Why Did Mark Zuckerberg Get a Mortgage on His Home?

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  • Despite being a billionaire, Mark Zuckerberg borrowed money to purchase a home.
  • Sometimes it pays to borrow money if it’s at a low enough interest rate.

You may be surprised to find the Facebook CEO borrowed money to buy a home.

Mark Zuckerberg, the billionaire co-founder and CEO of Facebook, is one of the wealthiest people in the world. While his net worth is now estimated to exceed $80 billion, Zuckerberg did not pay cash when purchasing his home -- even though he obviously could have afforded to do so. 

Why would such a wealthy person borrow to buy a house? The reason is simple and easy to understand. 

Here's why Mark Zuckerberg took out a home loan

Zuckerberg reportedly financed his California home with a 30-year mortgage. This is a common type of home loan, although Zuckerberg opted for an adjustable-rate mortgage (ARM) while fixed-rate loans are more common. 

Zuckerberg also qualified for a low mortgage rate of 1.05%. This is well below what most people are offered. He was able to qualify for such a competitive rate because he opted for an ARM and because his wealth allowed him to get a preferential rate. 

So, why did Zuckerberg opt to borrow instead of paying cash? It's because mortgages are low-rate debt -- especially in his case -- and there's little reason to incur the opportunity costs associated with tying up money in a property when it is so affordable to borrow. 

The Facebook CEO won't pay much interest on his loan. And, because of inflation, paying off his debt will get cheaper over time. If you have a set monthly mortgage payment and the money you use to pay it is worth a little bit less each year as the price of goods and services rise, then you are repaying your loan with money that couldn't buy as much as when you originally borrowed. As a result, it gets easier and cheaper to pay your loan each year.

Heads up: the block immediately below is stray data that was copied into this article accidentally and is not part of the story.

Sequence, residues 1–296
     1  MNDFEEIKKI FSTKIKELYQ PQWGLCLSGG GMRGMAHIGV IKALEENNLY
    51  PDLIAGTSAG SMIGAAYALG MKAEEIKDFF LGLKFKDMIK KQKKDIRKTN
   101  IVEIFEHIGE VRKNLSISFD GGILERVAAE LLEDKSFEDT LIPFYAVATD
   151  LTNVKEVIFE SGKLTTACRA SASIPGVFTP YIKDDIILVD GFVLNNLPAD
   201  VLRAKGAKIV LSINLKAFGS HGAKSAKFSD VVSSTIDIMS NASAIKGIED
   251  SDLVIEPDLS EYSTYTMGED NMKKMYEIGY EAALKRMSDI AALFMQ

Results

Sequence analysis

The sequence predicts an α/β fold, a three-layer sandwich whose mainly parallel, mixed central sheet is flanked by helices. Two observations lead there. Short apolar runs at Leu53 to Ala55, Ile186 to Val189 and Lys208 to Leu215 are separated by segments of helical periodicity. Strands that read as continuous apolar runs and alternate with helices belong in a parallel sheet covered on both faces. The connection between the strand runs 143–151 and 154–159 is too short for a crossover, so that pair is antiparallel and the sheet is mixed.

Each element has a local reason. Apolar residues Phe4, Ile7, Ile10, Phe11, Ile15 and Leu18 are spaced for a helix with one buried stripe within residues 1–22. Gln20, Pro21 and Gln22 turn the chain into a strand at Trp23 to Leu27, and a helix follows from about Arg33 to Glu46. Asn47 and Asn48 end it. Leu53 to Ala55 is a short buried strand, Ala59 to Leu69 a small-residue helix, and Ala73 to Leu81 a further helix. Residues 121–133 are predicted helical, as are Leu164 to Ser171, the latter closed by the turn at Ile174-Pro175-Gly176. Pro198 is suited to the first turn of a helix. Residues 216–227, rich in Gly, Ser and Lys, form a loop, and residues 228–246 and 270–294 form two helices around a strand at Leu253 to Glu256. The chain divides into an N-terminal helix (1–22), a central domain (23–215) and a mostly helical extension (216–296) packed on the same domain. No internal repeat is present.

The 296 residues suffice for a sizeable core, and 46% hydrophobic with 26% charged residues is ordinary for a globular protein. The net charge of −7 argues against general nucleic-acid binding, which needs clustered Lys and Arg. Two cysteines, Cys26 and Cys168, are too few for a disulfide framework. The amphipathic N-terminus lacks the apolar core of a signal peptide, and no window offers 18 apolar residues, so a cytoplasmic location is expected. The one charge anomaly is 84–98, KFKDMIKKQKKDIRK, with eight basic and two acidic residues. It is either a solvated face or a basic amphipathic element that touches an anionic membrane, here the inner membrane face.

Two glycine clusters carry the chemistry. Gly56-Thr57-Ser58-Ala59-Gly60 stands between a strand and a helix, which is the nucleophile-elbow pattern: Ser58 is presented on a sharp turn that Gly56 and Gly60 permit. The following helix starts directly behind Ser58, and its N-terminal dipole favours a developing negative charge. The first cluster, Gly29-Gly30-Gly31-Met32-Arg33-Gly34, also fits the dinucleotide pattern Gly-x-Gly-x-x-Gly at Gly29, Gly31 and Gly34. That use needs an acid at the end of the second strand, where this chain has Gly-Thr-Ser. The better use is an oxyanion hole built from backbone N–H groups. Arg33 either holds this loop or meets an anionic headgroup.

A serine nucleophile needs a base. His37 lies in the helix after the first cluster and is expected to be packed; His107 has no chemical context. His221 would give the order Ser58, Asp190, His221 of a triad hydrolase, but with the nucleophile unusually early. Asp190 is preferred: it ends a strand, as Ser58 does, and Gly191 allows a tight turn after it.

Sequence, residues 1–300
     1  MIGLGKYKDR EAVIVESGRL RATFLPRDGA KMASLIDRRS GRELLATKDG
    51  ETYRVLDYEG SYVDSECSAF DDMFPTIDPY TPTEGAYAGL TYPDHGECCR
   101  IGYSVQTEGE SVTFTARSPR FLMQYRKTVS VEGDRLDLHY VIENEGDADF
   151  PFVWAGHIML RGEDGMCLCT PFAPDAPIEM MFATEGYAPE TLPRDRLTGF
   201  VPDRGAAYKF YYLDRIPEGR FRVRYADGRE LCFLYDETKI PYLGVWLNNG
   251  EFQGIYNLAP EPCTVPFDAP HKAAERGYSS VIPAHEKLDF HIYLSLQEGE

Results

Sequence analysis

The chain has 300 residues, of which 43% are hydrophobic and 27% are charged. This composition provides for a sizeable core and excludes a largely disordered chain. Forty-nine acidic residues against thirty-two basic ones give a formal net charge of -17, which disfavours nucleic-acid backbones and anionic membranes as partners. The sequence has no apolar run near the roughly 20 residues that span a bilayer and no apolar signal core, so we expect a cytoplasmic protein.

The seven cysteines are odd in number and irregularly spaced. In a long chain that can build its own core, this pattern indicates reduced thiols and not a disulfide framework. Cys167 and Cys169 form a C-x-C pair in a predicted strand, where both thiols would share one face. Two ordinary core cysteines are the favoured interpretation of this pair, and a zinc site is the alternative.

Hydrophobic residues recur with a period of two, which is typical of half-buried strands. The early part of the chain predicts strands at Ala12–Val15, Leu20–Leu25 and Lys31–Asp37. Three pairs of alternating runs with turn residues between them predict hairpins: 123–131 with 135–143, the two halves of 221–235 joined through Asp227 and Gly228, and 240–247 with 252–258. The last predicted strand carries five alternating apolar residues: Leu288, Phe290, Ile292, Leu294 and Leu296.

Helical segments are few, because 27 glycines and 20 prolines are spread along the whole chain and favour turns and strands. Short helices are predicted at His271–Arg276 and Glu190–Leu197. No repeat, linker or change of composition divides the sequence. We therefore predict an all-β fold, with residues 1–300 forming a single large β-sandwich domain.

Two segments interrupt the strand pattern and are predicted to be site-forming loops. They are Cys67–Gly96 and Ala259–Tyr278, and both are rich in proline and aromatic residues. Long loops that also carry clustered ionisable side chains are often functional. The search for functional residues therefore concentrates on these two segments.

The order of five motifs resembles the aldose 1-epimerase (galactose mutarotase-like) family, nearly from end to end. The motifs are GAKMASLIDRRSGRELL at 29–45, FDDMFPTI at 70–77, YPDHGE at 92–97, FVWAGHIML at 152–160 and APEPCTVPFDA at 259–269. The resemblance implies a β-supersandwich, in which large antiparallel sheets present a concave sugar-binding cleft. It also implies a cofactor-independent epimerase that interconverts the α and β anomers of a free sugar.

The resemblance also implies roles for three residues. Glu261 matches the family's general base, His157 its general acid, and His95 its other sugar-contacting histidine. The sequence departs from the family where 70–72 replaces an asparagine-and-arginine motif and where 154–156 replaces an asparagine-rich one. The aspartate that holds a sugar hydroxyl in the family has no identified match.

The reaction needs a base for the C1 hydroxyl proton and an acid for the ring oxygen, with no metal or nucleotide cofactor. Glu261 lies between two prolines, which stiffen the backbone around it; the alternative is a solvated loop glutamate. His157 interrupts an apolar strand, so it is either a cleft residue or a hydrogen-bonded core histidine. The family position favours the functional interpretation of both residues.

Mortgage debt is also affordable to repay because interest is tax deductible on loans up to $750,000 for those who itemize when filing their taxes (as opposed to claiming the standard deduction). While Zuckerberg borrowed more than this amount, he is still likely able to deduct part of his mortgage interest, so that helps to reduce the cost of borrowing further. Many people who buy homes stay below this limit, so they get a government subsidy that defrays the cost of the interest they're paying on their entire home loan. 

Finally, Zuckerberg can likely invest his money in assets that provide higher returns. If you can earn a higher rate of return with safe investments than the rate offered by a mortgage lender, it usually makes sense to invest your money instead of using it to pay cash for a home. 

Following Zuckerberg's example makes sense 

The Facebook CEO isn't the only wealthy person who has taken out a mortgage to buy a home that could easily be paid for in cash. Warren Buffett and Elon Musk did the same. 

These billionaires made a smart choice when borrowing, and most homeowners should follow their lead.

The typical homeowner won't get the rate Zuckerberg was offered, but they should still be able to borrow affordably. And most home buyers should opt for a fixed-rate loan, rather than an adjustable one. But the bottom line is, paying cash for a home isn't a given when a home loan is available at a reasonable rate.

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